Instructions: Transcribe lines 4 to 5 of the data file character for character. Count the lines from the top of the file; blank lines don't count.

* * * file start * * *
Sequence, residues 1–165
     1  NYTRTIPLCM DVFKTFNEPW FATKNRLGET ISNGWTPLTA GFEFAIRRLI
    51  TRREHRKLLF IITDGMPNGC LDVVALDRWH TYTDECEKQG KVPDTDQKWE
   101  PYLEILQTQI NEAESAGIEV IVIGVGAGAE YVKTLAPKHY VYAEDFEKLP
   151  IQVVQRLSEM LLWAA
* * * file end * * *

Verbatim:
   101  PYLEILQTQI NEAESAGIEV IVIGVGAGAE YVKTLAPKHY VYAEDFEKLP
   151  IQVVQRLSEM LLWAA